UD incubator focuses on Black, women-owned businesses

A small crowd of local business people and dignitaries leave a presentation about the grand opening of the Greater West Dayton Incubator, which opened Tuesday on West Third Street in Dayton. JIM NOELKER/STAFF

Combined ShapeCaption
A small crowd of local business people and dignitaries leave a presentation about the grand opening of the Greater West Dayton Incubator, which opened Tuesday on West Third Street in Dayton. JIM NOELKER/STAFF

Greater West Dayton Incubator aimed at improving diversity at UD, improving Black, women-owned entrepreneurship

The Greater West Dayton Incubator formally opened this week its public offices at 1105. W. Third St., after a long delay due to the COVID-19 pandemic.

The incubator works with women, Black people and other underrepresented groups in entrepreneurship, and has a second office in The Hub at the Dayton Arcade on Fourth Street downtown.

Combined ShapeCaption
Courtney and Joshua Barrett and their daughters, Bailey, 4, and Brooklyn, 9, get their pictures taken in front of the Entrepreneurial Wall of Excellence where Courtney's photograph is displayed. Courtney founded Just Cakin' It LLC. JIM NOELKER/STAFF

Credit: JIM NOELKER

Courtney and Joshua Barrett and their daughters, Bailey, 4, and Brooklyn, 9, get their pictures taken in front of the Entrepreneurial Wall of Excellence where Courtney's photograph is displayed. Courtney founded Just Cakin' It LLC. JIM NOELKER/STAFF

Credit: JIM NOELKER

Combined ShapeCaption
Courtney and Joshua Barrett and their daughters, Bailey, 4, and Brooklyn, 9, get their pictures taken in front of the Entrepreneurial Wall of Excellence where Courtney's photograph is displayed. Courtney founded Just Cakin' It LLC. JIM NOELKER/STAFF

Credit: JIM NOELKER

Credit: JIM NOELKER

Courtney Barrett, owner of Just Cakin’ It, a mobile cupcake and after-school program, said the incubator, which has been open for more than a year, helped her further her business.

With a $35,000 seed fund from the UD Flyer Pitch competition, Barrett was able to purchase a school bus and redo it for her business. Barrett said she has already recruited people to do the Flyer Pitch competition in the future. She said having these resources so close will be good for her and other entrepreneurs in the community.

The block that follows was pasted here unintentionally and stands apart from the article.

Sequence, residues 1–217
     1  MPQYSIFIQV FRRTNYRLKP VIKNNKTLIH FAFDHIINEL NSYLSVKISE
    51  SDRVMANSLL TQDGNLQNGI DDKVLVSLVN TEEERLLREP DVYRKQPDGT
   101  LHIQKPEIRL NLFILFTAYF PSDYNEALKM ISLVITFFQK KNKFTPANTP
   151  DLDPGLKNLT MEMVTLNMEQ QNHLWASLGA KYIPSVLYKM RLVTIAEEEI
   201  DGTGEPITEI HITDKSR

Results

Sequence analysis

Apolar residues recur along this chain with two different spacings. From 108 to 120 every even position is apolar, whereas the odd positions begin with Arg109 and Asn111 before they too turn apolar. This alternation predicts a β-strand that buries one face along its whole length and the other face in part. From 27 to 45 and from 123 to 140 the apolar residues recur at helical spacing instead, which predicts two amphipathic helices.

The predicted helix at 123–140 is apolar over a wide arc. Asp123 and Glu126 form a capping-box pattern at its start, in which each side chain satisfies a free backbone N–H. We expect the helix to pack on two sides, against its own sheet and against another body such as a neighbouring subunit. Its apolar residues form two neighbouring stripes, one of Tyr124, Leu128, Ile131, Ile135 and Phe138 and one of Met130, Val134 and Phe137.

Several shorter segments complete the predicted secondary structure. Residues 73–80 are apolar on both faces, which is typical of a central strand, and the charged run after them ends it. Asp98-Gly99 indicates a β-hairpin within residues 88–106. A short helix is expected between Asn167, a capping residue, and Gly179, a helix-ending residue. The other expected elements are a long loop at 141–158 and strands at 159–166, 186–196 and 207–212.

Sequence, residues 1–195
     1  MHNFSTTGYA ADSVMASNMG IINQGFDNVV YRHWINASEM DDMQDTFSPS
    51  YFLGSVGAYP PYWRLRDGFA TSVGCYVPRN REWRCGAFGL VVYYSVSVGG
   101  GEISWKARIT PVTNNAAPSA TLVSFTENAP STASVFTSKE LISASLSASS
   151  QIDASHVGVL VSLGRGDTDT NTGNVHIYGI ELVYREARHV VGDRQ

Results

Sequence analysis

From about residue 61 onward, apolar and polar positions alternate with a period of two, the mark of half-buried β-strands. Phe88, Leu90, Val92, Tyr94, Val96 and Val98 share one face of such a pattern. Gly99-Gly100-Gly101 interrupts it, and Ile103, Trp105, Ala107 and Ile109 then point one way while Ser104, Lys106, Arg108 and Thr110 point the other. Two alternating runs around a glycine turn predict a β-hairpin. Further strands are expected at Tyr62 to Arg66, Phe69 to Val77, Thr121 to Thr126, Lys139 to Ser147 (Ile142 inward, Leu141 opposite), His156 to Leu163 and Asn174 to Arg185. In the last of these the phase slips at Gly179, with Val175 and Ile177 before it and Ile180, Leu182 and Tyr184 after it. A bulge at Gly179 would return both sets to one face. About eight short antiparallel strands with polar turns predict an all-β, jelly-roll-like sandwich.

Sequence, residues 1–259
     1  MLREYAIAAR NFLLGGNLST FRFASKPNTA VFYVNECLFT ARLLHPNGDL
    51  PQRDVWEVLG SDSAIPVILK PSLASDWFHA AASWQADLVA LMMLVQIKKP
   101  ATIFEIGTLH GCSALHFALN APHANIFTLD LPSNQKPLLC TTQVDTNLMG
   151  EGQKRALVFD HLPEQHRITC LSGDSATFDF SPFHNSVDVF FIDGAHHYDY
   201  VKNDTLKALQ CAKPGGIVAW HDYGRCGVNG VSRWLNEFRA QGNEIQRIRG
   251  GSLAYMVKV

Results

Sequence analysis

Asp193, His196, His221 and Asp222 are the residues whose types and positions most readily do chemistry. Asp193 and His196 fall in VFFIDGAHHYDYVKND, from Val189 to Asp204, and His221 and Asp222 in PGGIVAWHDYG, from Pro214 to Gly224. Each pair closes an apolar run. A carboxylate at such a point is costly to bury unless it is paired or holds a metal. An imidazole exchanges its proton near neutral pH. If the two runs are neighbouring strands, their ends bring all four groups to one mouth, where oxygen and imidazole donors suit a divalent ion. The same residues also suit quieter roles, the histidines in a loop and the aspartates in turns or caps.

ExploreChappelle ‘adamantly’ opposed to Yellow Springs housing proposal

“I’m most excited for other entrepreneurs to see that we actually do have resources here,” Barrett said. “In the Black community, a lot of times, we don’t challenge ourselves or step out of our comfort zone. And so we’ve missed a lot of resources.”

Greater West Dayton Incubator director Whitney Barkley, an entrepreneur herself, said she believed the reason many businesses fail is because they don’t know what resources are out there for them.

Combined ShapeCaption
Whitney Barkley, Director of the Greater West Dayton Incubator, reacts to the ribbon cutting of the new Entrepreneur's Center on West Third St. in Dayton. JIM NOELKER/STAFF

Credit: JIM NOELKER

Whitney Barkley, Director of the Greater West Dayton Incubator, reacts to the ribbon cutting of the new Entrepreneur's Center on West Third St. in Dayton. JIM NOELKER/STAFF

Credit: JIM NOELKER

Combined ShapeCaption
Whitney Barkley, Director of the Greater West Dayton Incubator, reacts to the ribbon cutting of the new Entrepreneur's Center on West Third St. in Dayton. JIM NOELKER/STAFF

Credit: JIM NOELKER

Credit: JIM NOELKER

“I’m hoping that we’re really that starting point for people and to lead them in the direction inside this ecosystem, so they’re able to access the things that they need to grow their business,” Barkley said.

UD president Eric Spina said the incubator was years in the making and started with a meeting between UD and leaders in West Dayton. He said community members told him they wanted support and engagement around economic development, particularly around entrepreneurship.

Explore$11M sale price of Miamisburg property example of area market’s growth

There are four goals of the incubator: support entrepreneurs in West Dayton; provide UD students with cross-cultural learning opportunities, while giving them experience; support economic development that’s a necessary part of the city; and change the university’s data to make it more inclusive and diverse.

“At the end of the day, this is about building community,” Spina said. “The Marinists who founded the University of Dayton really believe in building community.”

About the Author